July 13, 2016

Taking Drone Photography To A Professional Level

Words + Photos : Chad Copeland

I’m a big believer that aerial photography will continue to grow into future. The use of small robots to capture scenes that were previously unattainable is evolving. In 2016, we still are very limited by flight times, over regulation and aircraft design. Having used drones for National Geographic, the BBC, Microsoft and countless other clients, I’ve watched the industry grow rapidly and the machines get smaller, cheaper, and easier to use.

Being on the forefront of drones carrying cameras, I appreciate that these intricate machines are becoming more accessible, easier to use, and affordable for the everyday enthusiast. When shooting cinema grade work I rely on the FreeFly Systems Alta 6/8. Outside of that the DJI Inspire and the DJI Phantom 4 are great solutions.

Whether using my DSLR or Moment, here is my best advice on capturing stunning aerial shots.

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Plan Your Shoot

This may seem obvious, but often gets missed. Aerial photography is highly dependent on weather, which means it requires forethought in planning where and when you shoot.

Cold weather especially affects the batteries and severely reduces fly times. It is actually very dangerous to take off with cold batteries because they become unpredictable, potentially even preventing a departure. I will often place them under my jacket, directly against my skin, to warm them up enough. After that, the flow of energy will normally warm the flight pack up enough to sustain flight.

My personal motto is “train how you operate and operate how you train”. It means flying in the exact configuration that I plan to fly on the assignment because you really never know what can happen. Ordering equipment can have long lead times. Power resources may be hard to find and batteries may drain sooner than you expect due to the effects of temperature and altitude. So whether you’re shooting in your backyard, another city, or another country, plan, train and design the shoot in advance.

If you’ve never flown a drone before, pick a wide open space and practice. The DJI Phantom 4 is the perfect beginner model and only costs around $1399.

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Use A Wide Lens

Aerial photography can provide stunning context to a scene, which is why I prefer to fly with a wide lens. I focus to infinity because anything beyond 15 feet is generally infinity, and when you are in the sky, your subject is normally at least 15 feet away. If you do have to use a long lens then you will need a “FIZ” (Focus, Iris and Zoom) system in order to control the settings.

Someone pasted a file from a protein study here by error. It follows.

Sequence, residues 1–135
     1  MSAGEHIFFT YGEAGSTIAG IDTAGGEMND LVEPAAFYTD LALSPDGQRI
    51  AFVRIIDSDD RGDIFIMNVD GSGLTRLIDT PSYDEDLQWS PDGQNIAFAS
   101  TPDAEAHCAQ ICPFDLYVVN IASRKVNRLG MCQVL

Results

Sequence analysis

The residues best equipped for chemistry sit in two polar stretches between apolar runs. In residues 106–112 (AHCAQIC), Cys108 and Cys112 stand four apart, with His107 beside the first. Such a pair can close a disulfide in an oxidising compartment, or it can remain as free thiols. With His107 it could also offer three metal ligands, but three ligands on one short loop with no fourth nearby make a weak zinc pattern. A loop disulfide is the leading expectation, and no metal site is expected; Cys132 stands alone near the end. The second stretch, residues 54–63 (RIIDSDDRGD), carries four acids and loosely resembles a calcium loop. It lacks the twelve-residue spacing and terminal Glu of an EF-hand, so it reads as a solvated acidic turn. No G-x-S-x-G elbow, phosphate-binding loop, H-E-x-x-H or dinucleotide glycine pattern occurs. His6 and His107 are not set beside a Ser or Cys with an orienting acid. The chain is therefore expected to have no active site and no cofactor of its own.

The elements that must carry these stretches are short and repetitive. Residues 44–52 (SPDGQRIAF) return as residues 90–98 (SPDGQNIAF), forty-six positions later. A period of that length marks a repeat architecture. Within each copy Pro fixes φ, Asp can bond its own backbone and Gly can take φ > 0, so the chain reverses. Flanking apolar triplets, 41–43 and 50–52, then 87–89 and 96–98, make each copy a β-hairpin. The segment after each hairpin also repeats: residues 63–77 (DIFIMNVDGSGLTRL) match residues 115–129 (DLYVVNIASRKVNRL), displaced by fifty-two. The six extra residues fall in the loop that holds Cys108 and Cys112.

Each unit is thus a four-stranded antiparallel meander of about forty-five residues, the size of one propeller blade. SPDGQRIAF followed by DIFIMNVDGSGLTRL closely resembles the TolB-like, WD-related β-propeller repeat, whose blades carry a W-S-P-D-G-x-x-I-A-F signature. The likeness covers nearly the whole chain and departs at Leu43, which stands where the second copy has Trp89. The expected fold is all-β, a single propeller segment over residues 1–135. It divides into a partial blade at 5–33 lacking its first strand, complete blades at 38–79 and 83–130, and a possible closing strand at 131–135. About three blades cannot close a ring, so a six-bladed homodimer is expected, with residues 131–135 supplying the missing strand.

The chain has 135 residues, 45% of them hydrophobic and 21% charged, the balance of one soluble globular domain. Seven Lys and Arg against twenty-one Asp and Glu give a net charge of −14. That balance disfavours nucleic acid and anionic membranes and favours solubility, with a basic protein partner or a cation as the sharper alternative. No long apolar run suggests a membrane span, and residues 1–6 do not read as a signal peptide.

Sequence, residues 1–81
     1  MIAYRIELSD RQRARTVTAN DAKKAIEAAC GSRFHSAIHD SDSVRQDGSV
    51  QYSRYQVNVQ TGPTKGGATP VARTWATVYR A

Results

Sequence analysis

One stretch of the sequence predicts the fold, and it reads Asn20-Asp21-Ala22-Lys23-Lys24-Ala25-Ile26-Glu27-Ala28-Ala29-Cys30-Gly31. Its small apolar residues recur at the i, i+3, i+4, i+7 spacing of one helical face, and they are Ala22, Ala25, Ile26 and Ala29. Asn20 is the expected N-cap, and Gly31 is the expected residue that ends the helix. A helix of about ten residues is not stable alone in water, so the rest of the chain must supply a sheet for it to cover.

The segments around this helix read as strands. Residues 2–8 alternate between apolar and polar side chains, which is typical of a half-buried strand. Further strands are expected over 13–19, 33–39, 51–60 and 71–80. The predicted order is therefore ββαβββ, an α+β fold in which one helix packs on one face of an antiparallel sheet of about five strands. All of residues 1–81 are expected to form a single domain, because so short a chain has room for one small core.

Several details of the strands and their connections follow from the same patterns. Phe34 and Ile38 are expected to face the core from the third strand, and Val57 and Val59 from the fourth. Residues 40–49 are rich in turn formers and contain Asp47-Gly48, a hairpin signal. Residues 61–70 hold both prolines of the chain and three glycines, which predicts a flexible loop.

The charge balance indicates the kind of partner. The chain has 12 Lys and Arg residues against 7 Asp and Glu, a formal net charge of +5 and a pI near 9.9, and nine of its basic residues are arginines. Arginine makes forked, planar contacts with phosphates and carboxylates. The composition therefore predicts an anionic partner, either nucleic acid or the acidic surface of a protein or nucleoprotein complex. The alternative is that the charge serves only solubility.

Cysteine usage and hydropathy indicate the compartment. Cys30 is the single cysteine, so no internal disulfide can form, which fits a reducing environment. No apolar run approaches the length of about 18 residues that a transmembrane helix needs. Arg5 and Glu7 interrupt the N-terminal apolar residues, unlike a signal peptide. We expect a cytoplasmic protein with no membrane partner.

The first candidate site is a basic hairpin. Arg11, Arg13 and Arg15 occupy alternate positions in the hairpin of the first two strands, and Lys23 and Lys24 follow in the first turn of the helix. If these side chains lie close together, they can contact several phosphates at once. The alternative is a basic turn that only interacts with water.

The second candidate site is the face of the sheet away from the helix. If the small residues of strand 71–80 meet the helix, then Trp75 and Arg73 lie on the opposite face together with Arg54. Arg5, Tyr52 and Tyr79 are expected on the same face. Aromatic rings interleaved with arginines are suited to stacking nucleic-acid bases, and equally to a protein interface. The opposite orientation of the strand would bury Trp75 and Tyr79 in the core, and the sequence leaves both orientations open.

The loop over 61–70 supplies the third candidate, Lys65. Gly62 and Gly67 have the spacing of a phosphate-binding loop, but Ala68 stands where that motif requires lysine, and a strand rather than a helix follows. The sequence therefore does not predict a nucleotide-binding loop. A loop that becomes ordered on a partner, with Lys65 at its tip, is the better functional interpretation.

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Playing With Composition

Shooting with a drone requires you to operate within a three dimensional space, aligning camera and miniature plane together in a poetic way. When trying to frame the shot I think a lot about context, especially what is the foreground and background.

I also believe that a great visual story can’t be told if you’re not paying attention to the edges. Avoiding lone branches dangling into the shot or a tree growing out of someone’s head are important elements to watch for. In the case of the drone photographer, the pilot’s eye remains just as important to the composition as other types of photography.

I recently went to Iceland with only a drone and my Moment lens kit. Flying inside a massive glacial cave, I put the Wide Lens on my iPhone and mounted it to the gimbal. Due to the limitation of space, aerial maneuvers are limiting. However, I was able to create a beautiful aerial slider move that took the viewer seamlessly through the mile long cave without interruption.

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Altering Approach Speed

A long fly-away with a strong swooping motion up not only creates a visually dynamic move, but also allows you to reveal the topography of your surroundings. We’re all looking for that great establishing shot and this is one way to do it. Fly in a way that the viewer doesn’t realize it’s a drone. At least not at first.

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Avoiding Prop Shadow

For video, angle the camera down and get closer to your subject. You can also move the drone left or right so that it’s looking at the target from a different angle, and therefore changing the sun-angle.

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Understand Regulations

Less exciting creatively, but crucial to being successful as a drone photographer, is knowing and meeting the FAA requirements. You never want to be someone on a commercial airliner that was on take off, but someone fails to observe FAA guidance and puts a drone in front of your aircraft. Don’t be that person. Fly responsibly in the NAS and around people.

International assignments are even more challenging due to logistics, access through permitting, and foreign governments. For instance, operating in China you are limited to a certain number of “watt hours” when flying in commercial aircraft, which means you can only bring one or two flight battery packs.

Finally, respect wildlife and all natural environments. This rock we live on is pretty cool and requires our respect if we want to help maintain its wild beauty.

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